If I was trolling for any possible good news in the current payroll shrinkage it is addiction. Henry is an addict! Henry will not be bundled up and transported to the Betty Ford Clinic for extensive rehabilitation, but Henry’s addiction is winning. The enjoyment of hoisting a World Series trophy and the often reticent Henry being in the spotlight of adulation is certainly a plumb ego reward.

This may represent a rather poorly pop psychology approach, but I consider Henry a fan and like all Red Sox fans we enjoy the moment in the spotlight. Otherwise, we would not go into bankruptcy over sports paraphernalia, exorbitant tickets, and be engaged in vociferous social media flame wars.

Just what will Henry do? Based on that addiction it will be simply to regroup and follow the pathway that was successful in the past. That pathway is not the famed Yellow Brick Road, but the Greenback one since Henry had no real aversion to spending in the past so one would expect no real aversion in the near future.

The Henry empire that now encompasses a cacophony of interests including a newspaper, extensive real estate investments, a collection of sports franchises that all has a common thread – a basic beginning that was spawned by the Red Sox brand. If team valuation is a key indicator of business success, the Red Sox valuation is now measured in billions and not millions.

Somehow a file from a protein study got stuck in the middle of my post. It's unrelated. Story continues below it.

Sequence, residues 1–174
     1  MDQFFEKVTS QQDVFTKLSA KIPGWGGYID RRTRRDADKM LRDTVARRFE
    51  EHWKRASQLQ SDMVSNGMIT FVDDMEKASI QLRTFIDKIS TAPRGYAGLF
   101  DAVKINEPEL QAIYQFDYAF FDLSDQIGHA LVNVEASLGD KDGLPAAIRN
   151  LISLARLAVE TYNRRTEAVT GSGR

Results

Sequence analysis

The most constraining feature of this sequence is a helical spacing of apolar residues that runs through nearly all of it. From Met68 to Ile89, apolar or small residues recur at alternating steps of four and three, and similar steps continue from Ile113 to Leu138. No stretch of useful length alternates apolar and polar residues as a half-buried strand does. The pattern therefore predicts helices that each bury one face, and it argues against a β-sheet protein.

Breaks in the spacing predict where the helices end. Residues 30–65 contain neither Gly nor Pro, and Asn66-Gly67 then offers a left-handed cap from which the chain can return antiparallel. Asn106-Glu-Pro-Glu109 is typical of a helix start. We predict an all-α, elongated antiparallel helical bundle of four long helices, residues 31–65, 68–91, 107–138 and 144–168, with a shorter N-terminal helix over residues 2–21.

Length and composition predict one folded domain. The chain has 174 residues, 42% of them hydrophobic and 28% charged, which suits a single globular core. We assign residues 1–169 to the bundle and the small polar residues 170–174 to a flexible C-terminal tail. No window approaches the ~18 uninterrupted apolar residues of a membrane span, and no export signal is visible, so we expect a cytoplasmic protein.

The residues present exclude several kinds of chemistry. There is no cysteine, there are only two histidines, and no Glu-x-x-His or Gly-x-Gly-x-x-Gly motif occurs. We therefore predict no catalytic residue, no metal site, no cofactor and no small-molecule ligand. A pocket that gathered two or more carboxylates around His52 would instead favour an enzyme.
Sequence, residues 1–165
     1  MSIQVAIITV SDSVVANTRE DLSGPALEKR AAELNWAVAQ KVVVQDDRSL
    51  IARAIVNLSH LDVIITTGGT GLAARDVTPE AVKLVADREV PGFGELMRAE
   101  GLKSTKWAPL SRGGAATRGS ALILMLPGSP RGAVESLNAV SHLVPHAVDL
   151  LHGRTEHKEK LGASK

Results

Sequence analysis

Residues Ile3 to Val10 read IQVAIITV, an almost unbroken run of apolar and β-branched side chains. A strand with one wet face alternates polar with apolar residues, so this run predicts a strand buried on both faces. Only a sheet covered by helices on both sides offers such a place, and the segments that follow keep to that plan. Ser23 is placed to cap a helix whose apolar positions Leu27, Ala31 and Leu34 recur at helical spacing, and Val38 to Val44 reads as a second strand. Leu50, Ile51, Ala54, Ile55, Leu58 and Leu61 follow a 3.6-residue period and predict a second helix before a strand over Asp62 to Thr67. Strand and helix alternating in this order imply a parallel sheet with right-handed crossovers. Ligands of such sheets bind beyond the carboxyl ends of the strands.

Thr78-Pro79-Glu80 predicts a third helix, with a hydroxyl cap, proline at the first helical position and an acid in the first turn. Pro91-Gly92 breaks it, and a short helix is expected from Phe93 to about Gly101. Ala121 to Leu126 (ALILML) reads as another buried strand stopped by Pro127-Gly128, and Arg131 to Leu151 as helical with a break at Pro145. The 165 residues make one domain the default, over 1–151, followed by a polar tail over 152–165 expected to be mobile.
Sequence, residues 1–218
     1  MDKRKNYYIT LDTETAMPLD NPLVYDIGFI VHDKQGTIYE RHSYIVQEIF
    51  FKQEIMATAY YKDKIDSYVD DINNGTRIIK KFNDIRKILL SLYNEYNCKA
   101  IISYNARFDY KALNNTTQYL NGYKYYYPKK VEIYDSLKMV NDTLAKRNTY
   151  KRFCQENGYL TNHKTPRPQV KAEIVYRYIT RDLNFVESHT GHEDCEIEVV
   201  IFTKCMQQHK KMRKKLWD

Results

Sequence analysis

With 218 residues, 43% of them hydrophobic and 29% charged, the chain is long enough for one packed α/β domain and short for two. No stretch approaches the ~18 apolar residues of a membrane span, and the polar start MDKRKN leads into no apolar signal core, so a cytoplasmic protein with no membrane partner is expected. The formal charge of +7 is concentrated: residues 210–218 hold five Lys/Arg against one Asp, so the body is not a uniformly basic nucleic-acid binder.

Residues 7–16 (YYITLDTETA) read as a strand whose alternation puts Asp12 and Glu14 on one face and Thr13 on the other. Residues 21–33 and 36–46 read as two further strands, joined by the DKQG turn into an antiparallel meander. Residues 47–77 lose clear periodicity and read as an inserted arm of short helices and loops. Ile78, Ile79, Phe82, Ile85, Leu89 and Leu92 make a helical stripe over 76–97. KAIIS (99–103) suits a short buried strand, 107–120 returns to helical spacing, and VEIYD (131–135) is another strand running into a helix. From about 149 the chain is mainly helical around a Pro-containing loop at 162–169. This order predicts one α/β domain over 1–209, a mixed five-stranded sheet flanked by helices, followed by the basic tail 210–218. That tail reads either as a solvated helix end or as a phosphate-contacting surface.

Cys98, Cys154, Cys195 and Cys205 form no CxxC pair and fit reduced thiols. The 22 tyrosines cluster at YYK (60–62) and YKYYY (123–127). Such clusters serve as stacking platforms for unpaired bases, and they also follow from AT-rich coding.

Henry has generally preferred the background, as I see no Machiavellian mannerisms such as George Steinbrenner. Nor the incessant need for attention such as a Mark Cuban or the insufferable Jerry Jones. Henry remains somewhat of mystique in the operation of the Red Sox and that may be deliberate or just his personality – I lean towards the latter.

If Henry has any baseball liabilities it is public communications and that may be based far more on his personality than any evasiveness. But just what type of organization does Henry run? The team has appeared rudderless in this offseason and the scent of blood is in the water or the infield sands for the media sharks.  What mitigates the issue is two-fold with the sudden threat from the New York Yankees and the Red Sox reluctance to feed the payroll trough. Apparently, the Red Sox have shifted into reverse – or have they?

Henry certainly is not stagnant like Tom Yawkey and his myopic ownership where accountability meant being moved from one organizational position to another as failure was far too often rewarded. Henry acts where enough leeway is given for individual actions, but if the final result is unsatisfactory then the corporate ax will fall.  Just ask Dave Dombrowski. I have no qualms about Henry and his ability to pull the firing lever once aroused by poor performances on and off the field as patience with ineptness is unacceptable.

I firmly expect Henry to reboot after the competitive balance tax pause and resume building the team from both within via rejuvenating the farm system and judicious spending that may even include a jump into the Betts bidding scrum. With Chaim Bloom now given the keys, the Red Sox may incorporate a style of management that combines small and large market mentalities.

Next. Owner claims trading Mookie Betts wasn't about money. dark

In the past, I have often taken the other path with a far more negative critique of the Red Sox ownership, but this time I will wait the season out and see just what direction Henry will take.  If the Red Sox organization continues to wallow during the season and into 2021 it may be time for a dramatic change and that could be new ownership.